Originally titled 'Additive Manufacturing Expands Engineering Freedom While Reducing Material Use and Cost'
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One of the additive manufacturing exhibitors in the ETC is Renishaw. The company’s systems make solid, end-use metal parts through laser melting of powder.
The bracket at left is a design produced through conventional manufacturing. The version of the bracket at right is just as functional, but only additive production can produce the shape easily. Photo courtesy of GE Aviation.
This part was produced by Cleveland-area plastics manufacturer Thogus. The order quantity was so low that the job was not a candidate for molding. Thogus made the parts on additive manufacturing machines instead.
One of the important ideas showcased in this year’s Emerging Technology Center is additive manufacturing. 3D Systems, ExOne, Objet and Renishaw are all companies exhibiting in the ETC, located in Booth N-650. These companies offer varied technologies, but what their systems all have in common is making parts by adding material instead of cutting it away. That is, equipment from these companies builds complex 3D forms by precisely adding material in, layer upon layer. Metal or plastic components can be made this way. Compared to traditional methods, this approach to part making might seem strange, but manufacturers in the aerospace and medical industries, among others, are already making some components additively and moving other components toward additive production. In these applications, does additive technology take the place of CNC machining?
Sometimes, yes. But in the much larger share of cases where additive manufacturing succeeds, it does so by producing forms that cannot be made practically in any other way. The promise of additive manufacturing is found not in its potential to replace machining of any existing process, but in its potential to extend the capabilities of manufacturing.
Today, the most established use of additive manufacturing is making prototypes. 3D printers can produce complex pieces in small quantities quickly for the purpose of evaluating a design. Mold makers and plastics processors frequently use additive equipment in precisely this way—to prove a part before the tooling is finalized and before full-scale production begins. However, now that additive equipment is increasingly demonstrating its effectiveness for making pieces that are precise enough and resilient enough for end-use application, additive manufacturing promises to deliver many more advantages as well.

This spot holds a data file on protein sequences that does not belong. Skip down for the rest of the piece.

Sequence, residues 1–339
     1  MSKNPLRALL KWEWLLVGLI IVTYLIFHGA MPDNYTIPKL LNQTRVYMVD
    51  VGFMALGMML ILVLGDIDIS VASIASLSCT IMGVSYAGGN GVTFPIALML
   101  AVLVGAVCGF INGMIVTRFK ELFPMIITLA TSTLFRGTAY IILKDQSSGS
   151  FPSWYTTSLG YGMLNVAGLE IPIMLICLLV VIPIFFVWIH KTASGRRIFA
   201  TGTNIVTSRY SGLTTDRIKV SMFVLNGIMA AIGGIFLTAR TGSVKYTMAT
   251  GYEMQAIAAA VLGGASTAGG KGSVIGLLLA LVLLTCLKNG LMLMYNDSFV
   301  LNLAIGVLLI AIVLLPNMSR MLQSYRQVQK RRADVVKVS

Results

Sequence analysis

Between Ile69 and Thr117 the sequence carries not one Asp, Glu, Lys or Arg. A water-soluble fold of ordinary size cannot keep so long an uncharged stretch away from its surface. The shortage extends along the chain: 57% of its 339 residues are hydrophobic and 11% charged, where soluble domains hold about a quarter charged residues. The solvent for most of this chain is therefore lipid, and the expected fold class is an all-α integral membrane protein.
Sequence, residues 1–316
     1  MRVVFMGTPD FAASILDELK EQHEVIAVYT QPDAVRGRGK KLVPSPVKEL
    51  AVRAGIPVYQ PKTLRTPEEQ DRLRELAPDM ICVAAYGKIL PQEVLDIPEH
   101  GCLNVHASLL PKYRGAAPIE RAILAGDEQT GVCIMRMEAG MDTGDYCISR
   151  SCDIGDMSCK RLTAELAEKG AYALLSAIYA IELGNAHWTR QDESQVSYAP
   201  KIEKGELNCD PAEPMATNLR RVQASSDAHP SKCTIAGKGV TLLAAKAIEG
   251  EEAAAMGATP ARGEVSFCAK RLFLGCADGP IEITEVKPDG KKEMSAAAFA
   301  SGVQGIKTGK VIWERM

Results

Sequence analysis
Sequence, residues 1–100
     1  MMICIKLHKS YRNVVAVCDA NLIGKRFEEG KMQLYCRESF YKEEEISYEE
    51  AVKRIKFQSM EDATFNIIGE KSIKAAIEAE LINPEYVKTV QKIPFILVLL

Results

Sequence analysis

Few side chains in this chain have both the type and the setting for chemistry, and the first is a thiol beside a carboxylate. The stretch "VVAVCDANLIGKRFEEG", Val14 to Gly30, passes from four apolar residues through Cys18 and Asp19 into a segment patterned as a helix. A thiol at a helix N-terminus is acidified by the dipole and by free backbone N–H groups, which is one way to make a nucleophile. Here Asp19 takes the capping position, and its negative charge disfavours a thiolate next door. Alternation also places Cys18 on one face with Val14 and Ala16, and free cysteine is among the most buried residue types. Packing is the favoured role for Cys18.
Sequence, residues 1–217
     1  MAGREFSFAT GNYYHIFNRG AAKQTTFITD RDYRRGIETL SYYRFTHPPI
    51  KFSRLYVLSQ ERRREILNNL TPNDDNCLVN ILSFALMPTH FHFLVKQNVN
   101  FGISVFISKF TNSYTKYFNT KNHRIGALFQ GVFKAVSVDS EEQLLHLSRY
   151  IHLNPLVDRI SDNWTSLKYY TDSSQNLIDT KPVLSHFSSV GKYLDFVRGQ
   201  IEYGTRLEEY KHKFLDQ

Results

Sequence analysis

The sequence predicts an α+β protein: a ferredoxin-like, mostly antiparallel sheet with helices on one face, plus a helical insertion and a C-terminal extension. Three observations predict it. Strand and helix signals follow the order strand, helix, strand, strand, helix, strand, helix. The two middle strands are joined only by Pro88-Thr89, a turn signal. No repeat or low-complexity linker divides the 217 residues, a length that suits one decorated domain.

Those advantages include:
- Design freedom. In machining, casting or molding, complexity is costly. Every complex detail has to be produced through additional tool paths or other extra steps. By comparison, part complexity in additive manufacturing adds little or no extra consideration. Forms can be created that would be impractical or unthinkable in other processes. A part can be made purely for functionality, without manufacturing-related constraints. Design engineers have only started to explore the implications of this.
- Low-quantity economy. An additive process does not require hard tooling to be produced or assembled, and it includes little in the way of setup time. As a result, there are not the typical production-related costs that often require a large production run in order to justify them. Additive processes permit very short runs—including one piece—to be printed cost-effectively.
- Material efficiency. Additive manufactured parts, particularly metal ones, still get machined. The additive cycle alone often can’t deliver the final details, dimensions and finish that a critical part demands. However, among all of the near-net-shape processes, additive manufacturing is nearest to net. The amount of material that has to be sacrificed to follow-up machining is slight.
- Predictable production. Build time in additive manufacturing is often directly predictable from the part design. This means production time can be known to a fine level of precision. As additive manufacturing spreads, manufacturers will achieve much tighter control over their production scheduling.
- Reduced assembly. This is the game-changer for many established products to which an additive production process is introduced. The complex form created through additive manufacturing can be a single piece that replaces what is currently an assembly of many pieces. That means the savings from the additive process include eliminating all of the effort that used to go into that assembly, as well as the fasteners, brazing or welding that used to be involved, and all the extra features and material that once were added to the design solely for the sake of the assembly operations.
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